Un po' di Pop, Schifano Angeli and Festa

Mario Schifano, Ore 22 notizie, 1972, 80x110 cm. Photo: Arte

ROME - American loud and eccentric art of the 1950s to 80s defined a generation. Revellers enjoyed the post-war boom with materialistic glee. But what happened when the shiny bubble of pop crashed onto the elegant art scene of Classical Rome?

 Three big names of the Piazza del Popolo art school - Mario Schifano, Franco Angeli and Tano Festa - are on display at the Galleria Edieuropa. The exhibition showcases the work of the Roman artists, well known for their commentary on the consumerism of the age. The prolific artists used to meet at the Caffè Rosati on the Popolo square, and theorise on their next projects while observing passers-by.

 Whilst the group experimented with a variety of themes, from Abstract Expressionism to Action Painting to Pop Art, they have become synonymous with the latter. While some see it as a simplification, their works make use of the “new world” and its various technological forms.

 Mario Schifano, the central figure in the trio, has had his work displayed alongside Warhol and Lichtenstein in the famous 1962 “New Realists” Sidney Janis exhibition in New York. His expertise is in flat structures. Rather than expand his art in the three dimensions, Schifano gives us a screen. He traps images of the modern world into an enclosed space. His “Ore 22 Notizie,” is a painting of a tv screen, where figures are bleached white and surrounded by swirling ribbons of bright colour.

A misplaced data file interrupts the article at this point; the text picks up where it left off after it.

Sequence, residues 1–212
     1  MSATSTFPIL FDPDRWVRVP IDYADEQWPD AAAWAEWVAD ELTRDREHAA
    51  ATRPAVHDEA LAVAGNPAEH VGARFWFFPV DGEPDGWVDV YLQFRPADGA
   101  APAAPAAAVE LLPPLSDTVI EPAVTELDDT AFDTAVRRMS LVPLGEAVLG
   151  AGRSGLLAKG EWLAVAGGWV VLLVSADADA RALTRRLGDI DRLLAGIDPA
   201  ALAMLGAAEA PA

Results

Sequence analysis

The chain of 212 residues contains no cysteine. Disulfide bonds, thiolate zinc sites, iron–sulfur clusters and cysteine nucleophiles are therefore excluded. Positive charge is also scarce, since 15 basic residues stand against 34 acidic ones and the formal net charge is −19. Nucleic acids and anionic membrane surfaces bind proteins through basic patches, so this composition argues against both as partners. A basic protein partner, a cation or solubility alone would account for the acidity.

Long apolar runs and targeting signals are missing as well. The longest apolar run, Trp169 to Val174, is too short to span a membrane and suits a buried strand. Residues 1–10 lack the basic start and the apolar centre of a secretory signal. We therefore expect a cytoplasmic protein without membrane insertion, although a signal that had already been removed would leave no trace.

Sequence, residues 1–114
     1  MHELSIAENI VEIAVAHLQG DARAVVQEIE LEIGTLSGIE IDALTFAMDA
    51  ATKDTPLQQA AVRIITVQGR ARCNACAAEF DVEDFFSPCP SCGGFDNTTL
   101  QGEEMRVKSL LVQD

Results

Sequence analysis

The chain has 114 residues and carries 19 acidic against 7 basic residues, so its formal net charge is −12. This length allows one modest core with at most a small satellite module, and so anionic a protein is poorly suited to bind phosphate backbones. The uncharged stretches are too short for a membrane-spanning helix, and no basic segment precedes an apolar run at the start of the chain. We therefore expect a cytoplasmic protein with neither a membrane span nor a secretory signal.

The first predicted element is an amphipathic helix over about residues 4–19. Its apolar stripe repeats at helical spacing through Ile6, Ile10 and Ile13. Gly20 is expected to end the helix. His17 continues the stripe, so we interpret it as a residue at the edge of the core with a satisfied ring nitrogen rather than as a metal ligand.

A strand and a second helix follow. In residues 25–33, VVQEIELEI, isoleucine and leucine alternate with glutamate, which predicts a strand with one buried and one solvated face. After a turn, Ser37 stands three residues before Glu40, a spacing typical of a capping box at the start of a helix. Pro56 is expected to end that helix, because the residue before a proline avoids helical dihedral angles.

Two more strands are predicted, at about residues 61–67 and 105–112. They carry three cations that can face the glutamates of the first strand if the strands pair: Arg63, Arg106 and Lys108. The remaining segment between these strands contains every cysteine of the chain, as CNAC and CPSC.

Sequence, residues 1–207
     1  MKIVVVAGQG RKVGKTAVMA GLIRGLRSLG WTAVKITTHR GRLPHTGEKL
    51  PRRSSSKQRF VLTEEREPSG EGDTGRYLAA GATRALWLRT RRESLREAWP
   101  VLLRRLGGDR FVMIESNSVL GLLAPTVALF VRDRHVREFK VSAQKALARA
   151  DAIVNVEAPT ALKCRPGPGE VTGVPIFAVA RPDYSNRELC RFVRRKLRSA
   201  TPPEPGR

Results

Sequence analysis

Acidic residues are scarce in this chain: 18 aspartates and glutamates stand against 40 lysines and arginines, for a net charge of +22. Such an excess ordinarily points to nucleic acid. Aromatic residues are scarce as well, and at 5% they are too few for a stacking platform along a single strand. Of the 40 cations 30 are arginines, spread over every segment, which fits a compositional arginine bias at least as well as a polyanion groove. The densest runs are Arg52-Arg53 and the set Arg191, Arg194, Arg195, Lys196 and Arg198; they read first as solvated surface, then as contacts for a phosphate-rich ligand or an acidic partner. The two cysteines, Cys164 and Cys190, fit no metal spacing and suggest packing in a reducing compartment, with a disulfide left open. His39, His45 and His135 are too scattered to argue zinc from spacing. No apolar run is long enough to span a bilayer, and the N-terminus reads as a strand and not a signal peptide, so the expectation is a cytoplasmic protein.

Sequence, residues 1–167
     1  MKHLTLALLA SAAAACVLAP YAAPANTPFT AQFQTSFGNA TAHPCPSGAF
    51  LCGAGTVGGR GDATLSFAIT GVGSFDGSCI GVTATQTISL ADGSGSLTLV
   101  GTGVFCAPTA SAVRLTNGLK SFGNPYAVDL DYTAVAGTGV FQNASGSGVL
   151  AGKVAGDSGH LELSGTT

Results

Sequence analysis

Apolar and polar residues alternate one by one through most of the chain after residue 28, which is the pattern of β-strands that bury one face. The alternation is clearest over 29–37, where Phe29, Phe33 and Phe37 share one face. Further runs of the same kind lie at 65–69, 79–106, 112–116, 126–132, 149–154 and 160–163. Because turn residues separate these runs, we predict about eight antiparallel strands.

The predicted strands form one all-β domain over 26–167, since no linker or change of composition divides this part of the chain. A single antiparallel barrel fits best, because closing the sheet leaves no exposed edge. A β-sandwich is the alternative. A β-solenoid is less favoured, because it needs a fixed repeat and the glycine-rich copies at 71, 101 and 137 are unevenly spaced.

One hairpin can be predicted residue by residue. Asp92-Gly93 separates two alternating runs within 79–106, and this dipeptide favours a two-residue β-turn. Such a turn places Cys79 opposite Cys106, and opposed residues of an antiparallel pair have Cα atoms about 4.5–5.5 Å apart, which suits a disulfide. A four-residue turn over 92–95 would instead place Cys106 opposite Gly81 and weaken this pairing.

Franco Angeli plays with his viewer. At the centre of a black canvas, he sits a two-tone blue rectangle, a calm sea. Sickles and stars coat the back of the painting “Orizzonte,” white and red. In his work, power uncomfortably surrounds tranquil nature.

 Renato Pennisi, the Director and Senior Specialist of Christie’s Italy has explained that “Italian Pop Art was neither a critique nor an assimilation of consumerist values. It was, rather, a survey of what existed - of a changing world, and of its new imagery.”

 Pennisi’s observation can be seen most clearly in Tano Festa’s “Da Michelangelo,” a pop-coloured version of Michelangelo’s Creation of David in the Sistine Chapel. This work has been interpreted as a commentary on the mass production era, reminding the viewer that we are all subject to the same laws of nature that we attempt to override. Festa, here, reproduced and modernised historical work, but not without injecting his own warning.

Un Po’ Di Pop Exhibition

Galleria Edieuropa

+39 06 64760172




Franco Angeli, Orizzonte, 1970, 80x100cm. Photo: Helena Leslie